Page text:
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Ease the Feeling of Being Overwhelmed by Learning to Let Go

To gain peace of mind consider engaging in the experience at hand.

Key points

  • Peace of mind is not about changing circumstances but changing how we perceive them.
  • Plan for deadlines and allow what you are doing in the moment to be enough.
  • Don't try to improve efficiency, try to improve a tolerance for current and future life demands.

My dog Scout is never plagued by the idea that she’s not getting enough done (see photo evidence.) Unlike me, her human buddy, I seriously doubt that multiple responsibilities have ever filled her with the unconscious dread that she’s not doing or being enough or that she’s letting everyone down. If I could hear what Scout was thinking, it would sound more like, “I love you,” “throw the ball,” and “more peanut butter,” and less like existential dread.

Karen Shackleford
Scout is Chill
Source: Karen Shackleford

Never enough is a trap. Avoid the trap. We humans often fill our moments with the thought that whatever we accomplish is not enough and maybe never will be. Perhaps our jobs or family lives seem to pressure us to carry a greater load than we think we can. After all, that’s the definition of stress: the perception that life asks more of us than we can deliver.

In Escaping the Efficiency Trap, author Oliver Burkeman suggests that if we think that peace of mind will come once we’ve cleared our inbox, we’re working on the wrong end of the equation. Rather than finding peace in a clear inbox, find peace in a clear mind. As Burkeman (2021, C1) puts it, “don’t clear the decks, clear your head.”

How do we do that? So much about peace of mind is not about changing circumstances but changing how we perceive them. The key shift is not to figure out how to clear the inbox. In fact, you may have noticed that if you are fast and efficient at work, people will give you more work.

The solution involves understanding the situation differently. Let me use an analogy to explain: If you are standing in a stream fishing, for example, think about the fish that’s swimming towards you. Don’t think about fish that may or may not come your way soon or the snake that may find you.

As a regular practitioner of yoga and meditation, I’ve learned from those traditions that it is healthy and life-sustaining to engage fully in what you are doing rather than in what you may do later. With workload, you may have fallen into the trap that I have fallen into so many times. This is the trap that Burkeman points out: that the solution is in doing more…in getting each job done. Only then will you be able to relax. But that relaxation will never fully arrive.

Do this! No, do that! You're doing it wrong! Let me demonstrate the trap and the goal with my own life: While writing this blog, I was pulled mentally by the idea that some graduate students are waiting for me to grade their papers. In actual fact, I have many days to submit my grades. But, my psyche wails at me: “they want their paper grades now! They will think bad things about you. In fact, let’s just jump to, ‘you suck.’” My psyche can be a humorless wench, can’t she? I love her, but she needs an intervention.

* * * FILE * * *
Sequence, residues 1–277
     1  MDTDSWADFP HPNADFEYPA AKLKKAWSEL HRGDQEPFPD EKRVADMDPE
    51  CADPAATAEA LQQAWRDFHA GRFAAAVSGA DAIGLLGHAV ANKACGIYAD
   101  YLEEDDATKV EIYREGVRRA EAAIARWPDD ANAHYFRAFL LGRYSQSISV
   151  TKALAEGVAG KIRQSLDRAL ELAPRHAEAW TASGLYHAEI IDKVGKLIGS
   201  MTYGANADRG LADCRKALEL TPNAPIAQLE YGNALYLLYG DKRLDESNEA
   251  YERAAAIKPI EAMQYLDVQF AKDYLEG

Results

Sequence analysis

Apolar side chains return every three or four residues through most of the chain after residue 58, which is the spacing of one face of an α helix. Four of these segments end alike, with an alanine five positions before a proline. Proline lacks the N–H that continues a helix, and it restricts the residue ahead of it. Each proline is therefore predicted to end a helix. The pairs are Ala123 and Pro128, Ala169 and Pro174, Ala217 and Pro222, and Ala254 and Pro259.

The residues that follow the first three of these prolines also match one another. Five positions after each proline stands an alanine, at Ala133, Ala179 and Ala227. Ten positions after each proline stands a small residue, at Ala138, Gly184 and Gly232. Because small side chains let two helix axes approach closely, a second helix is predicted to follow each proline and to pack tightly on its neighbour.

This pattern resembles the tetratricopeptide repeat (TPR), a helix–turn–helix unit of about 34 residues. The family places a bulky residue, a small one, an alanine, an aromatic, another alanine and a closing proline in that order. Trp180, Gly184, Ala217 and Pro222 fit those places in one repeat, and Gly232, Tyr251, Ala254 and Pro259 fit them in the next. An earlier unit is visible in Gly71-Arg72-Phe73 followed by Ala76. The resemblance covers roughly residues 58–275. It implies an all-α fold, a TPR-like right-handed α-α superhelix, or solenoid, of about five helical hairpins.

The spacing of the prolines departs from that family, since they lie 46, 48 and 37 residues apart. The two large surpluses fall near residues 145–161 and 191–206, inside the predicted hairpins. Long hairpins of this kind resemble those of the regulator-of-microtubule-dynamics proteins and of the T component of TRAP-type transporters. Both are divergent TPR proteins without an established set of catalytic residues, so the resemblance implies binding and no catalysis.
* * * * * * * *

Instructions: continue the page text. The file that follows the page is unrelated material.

Let it be. In meditation, one of the practices is learning to allow something uncomfortable to just be rather than trying to fix it. Burkeman advises us to chuck the notion that peace of mind will only come from meeting all demands. In other words, the idea that you’ll be happy once you empty your inbox or to-do list is a sure path to hell or at least discontent. Instead, allow yourself to believe that it’s okay to be standing in the middle of a river that endlessly flows, bringing many things to you. You needn't stop right now and think about all the things that may eventually arrive at your feet. In other words, new things to accomplish will always be ready and waiting for you. They will be waiting for us all. That’s not a sign of failure.

Love the one you're with. Lately, I’ve developed a mantra that amuses me. The mantra is, “love the one you’re with.” I like it because it sounds vaguely naughty. But what I really mean by this mantra is to remember to engage in the experience at hand and let go of what might happen later. When you are writing a blog entry, write a blog entry. Revel in it. Get into it. And when you grade a paper, grade a paper. But don’t write a blog entry while thinking, “what the hell is wrong with me that I am not currently grading a paper?”

By all means, mark your calendar for when the grades are due so that you’ll know that it's okay to put the papers aside right now. Then you’ll feel more confident that your essential responsibilities will be met in due course. You won’t need to be constantly reminding yourself of the next items on your calendar.

Hold on. Let go. I’ll leave you with one last lesson from the yoga mat and/or meditation cushion: the lesson of holding on and letting go. Yoga teaches you that you hold onto something at any given moment in time, and you let go of something else. Replace “yoga” with “life,” and the same is true. At any moment in life, you will be holding something and letting go of something. If overwhelm has been keeping you stressed out, you may have become an expert at holding on. Your next move is to develop the habit that every time you pick something up, let something else go simultaneously. Get in the habit of thinking, "What can I let go of right now?" Try it now.

References

Burkeman, O. (2021, August 7-8). Escaping the efficiency trap -- and finding some peace of mind. https://www.wsj.com/print-edition/20210807/review

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